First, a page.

Impossible Foods bleeding burger
With a brown exterior and juicy pink inside, this burger looks like it is anything but plant-based.

But the Impossible Burger is 100 per cent meat free, despite the fact that it 'bleeds' like a beef patty.

Impossible Foods, the firm behind the burger, has announced that is is moving into a huge new factory that will soon be capable of producing one million pounds of the burgers every month.

Impossible Foods is backed by several big names, including Bill Gates, founder of Microsoft, and an arm of Google.

The main ingredients in its vegetarian burger are wheat protein, coconut oil and potatoes. But the key magic addition is heme, which has been described as 'plant blood'. The iron-rich compound is abundant in real meat, but can also be grown from soya.

The company claims that the heme makes the company's burgers 'smell, sizzle, bleed, and taste gloriously meaty'.

Impossible Foods held a ceremony this week, in which it announced its move into a huge factory in East Oakland, California. The factory is 67,000 square feet, and the firm expects to churn out over one million meat-free burgers there every month, starting this summer.

According to Crunchbase, Impossible Foods has already raised over $182 million (£145 million).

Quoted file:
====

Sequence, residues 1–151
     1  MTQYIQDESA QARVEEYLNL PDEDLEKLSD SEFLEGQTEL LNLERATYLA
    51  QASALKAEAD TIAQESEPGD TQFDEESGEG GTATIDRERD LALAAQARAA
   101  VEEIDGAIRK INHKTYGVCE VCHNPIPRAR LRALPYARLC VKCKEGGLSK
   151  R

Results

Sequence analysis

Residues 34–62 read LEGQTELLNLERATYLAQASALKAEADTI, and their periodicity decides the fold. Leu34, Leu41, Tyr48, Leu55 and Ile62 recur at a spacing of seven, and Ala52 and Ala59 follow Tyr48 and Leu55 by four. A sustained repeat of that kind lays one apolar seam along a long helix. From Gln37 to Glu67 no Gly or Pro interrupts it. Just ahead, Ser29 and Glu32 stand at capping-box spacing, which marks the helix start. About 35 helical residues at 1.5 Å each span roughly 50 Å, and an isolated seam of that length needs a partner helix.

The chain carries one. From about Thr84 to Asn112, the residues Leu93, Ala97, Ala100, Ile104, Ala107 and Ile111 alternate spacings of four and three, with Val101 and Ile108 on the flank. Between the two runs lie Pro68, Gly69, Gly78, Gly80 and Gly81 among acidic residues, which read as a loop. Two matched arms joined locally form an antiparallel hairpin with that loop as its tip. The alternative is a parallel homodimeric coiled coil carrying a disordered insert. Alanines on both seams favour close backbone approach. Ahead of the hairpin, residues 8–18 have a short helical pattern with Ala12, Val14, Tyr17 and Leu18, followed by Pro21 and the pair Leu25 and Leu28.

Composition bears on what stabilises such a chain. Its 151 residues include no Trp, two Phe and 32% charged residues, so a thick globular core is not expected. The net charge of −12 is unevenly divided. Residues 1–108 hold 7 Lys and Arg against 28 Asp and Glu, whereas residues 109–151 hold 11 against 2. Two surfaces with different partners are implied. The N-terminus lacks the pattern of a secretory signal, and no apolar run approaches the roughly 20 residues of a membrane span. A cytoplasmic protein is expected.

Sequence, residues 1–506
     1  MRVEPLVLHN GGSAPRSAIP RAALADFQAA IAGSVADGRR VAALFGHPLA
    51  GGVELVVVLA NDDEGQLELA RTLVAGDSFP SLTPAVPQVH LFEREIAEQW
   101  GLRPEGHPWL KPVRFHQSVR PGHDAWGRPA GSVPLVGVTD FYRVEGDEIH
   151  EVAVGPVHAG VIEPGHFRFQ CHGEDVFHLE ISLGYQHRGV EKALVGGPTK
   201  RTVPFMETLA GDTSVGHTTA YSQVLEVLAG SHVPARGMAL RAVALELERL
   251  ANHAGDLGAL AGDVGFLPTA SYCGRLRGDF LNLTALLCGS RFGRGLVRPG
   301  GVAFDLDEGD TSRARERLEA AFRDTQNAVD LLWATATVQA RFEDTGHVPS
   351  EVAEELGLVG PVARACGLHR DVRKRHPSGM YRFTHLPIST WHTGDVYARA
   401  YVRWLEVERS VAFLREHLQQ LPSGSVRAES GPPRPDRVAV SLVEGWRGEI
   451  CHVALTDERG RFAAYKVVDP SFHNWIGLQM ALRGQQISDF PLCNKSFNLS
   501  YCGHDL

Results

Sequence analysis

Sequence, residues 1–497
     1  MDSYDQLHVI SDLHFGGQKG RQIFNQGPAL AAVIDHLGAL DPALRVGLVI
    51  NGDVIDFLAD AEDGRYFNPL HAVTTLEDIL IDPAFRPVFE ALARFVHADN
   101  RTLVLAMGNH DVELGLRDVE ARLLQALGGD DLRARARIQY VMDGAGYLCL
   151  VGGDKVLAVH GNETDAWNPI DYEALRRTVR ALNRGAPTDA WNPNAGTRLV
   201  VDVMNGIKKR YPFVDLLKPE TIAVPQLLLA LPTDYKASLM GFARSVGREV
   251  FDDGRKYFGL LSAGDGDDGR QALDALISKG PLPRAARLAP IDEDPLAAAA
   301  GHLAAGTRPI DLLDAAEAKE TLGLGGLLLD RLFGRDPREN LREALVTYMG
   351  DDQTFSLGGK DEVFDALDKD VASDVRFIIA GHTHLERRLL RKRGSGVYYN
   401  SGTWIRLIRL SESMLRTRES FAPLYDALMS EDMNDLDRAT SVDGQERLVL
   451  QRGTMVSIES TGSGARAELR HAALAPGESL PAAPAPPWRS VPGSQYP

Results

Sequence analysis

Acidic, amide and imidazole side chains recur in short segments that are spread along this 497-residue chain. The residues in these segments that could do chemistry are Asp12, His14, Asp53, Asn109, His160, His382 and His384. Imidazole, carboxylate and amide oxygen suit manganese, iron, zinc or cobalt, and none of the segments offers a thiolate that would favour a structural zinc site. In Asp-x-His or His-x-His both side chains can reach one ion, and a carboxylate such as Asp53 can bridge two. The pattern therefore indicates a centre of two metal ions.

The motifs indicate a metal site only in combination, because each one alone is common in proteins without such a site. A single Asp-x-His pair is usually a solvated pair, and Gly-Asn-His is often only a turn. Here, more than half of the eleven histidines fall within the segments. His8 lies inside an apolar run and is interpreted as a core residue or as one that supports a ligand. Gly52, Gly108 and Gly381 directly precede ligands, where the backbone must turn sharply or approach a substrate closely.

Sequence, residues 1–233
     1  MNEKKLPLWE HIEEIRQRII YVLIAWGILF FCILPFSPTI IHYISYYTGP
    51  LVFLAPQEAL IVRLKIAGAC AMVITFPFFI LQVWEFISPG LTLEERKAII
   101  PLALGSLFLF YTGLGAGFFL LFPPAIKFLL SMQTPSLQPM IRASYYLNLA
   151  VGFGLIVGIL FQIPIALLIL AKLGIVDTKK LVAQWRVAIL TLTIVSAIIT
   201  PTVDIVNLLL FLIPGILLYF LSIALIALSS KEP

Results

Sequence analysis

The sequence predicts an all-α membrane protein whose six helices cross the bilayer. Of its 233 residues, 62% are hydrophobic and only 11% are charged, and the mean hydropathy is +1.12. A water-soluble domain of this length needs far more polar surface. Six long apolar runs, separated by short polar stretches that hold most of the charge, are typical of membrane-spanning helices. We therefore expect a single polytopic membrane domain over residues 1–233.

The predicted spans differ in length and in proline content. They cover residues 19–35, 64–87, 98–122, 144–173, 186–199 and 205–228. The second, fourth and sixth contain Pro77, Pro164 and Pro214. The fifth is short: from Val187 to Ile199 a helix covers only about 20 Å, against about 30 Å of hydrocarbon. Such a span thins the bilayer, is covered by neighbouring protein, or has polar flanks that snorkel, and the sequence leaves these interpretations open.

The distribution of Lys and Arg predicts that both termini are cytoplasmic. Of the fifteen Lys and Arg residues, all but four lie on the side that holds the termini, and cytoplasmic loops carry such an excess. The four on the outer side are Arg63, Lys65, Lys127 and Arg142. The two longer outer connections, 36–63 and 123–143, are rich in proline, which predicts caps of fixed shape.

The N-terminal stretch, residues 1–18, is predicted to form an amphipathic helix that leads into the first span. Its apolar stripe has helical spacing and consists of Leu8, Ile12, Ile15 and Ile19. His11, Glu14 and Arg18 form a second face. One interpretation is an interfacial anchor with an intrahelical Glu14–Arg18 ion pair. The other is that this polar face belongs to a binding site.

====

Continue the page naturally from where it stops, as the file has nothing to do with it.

Last year, the firm started selling the Impossible Burger in three US restaurants, but the expansion to the factory will see the burgers being sold throughout the US - and maybe even further afield in the future.

Speaking to the San Francisco Chronicle, Pat Brown, CEO of Impossible Foods, said: 'In our long-term plan, we will be ubiquitous.

'Anywhere that consumers go to buy meat, we intend to be there, competing side by side.'

The rise of the meat free burgers was recently revealed by The Grocer magazine, which suggested families would be more likely to buy these than products made from meat grown in the laboratory.

Three years ago, food scientist Hanni Rützler held a London press conference to reveal - and eat - the world's first ever lab grown hamburger.

Research found only 16 per cent of people said they would be happy to try this sort of cultured meat, and half refused even to consider it.

Some 56 per cent were concerned about the use of chemicals in making lab-grown meat, 48 per cent felt cultured meat wasn't 'natural' and 29 per cent suspected it would not taste good.

Head of consumer and retail research at Harris, Lucia Juliano, said: 'We are quite simply opposed to the idea of cultured meat without knowing much about it.'

But she told the Grocer that public attitudes are shifting, saying: 'Even in the past two years I've seen the public conversation take a more positive direction.

'A few years ago you'd hear "Frankenmeat" or "test tube meat". Now the language is more scientifically grounded.'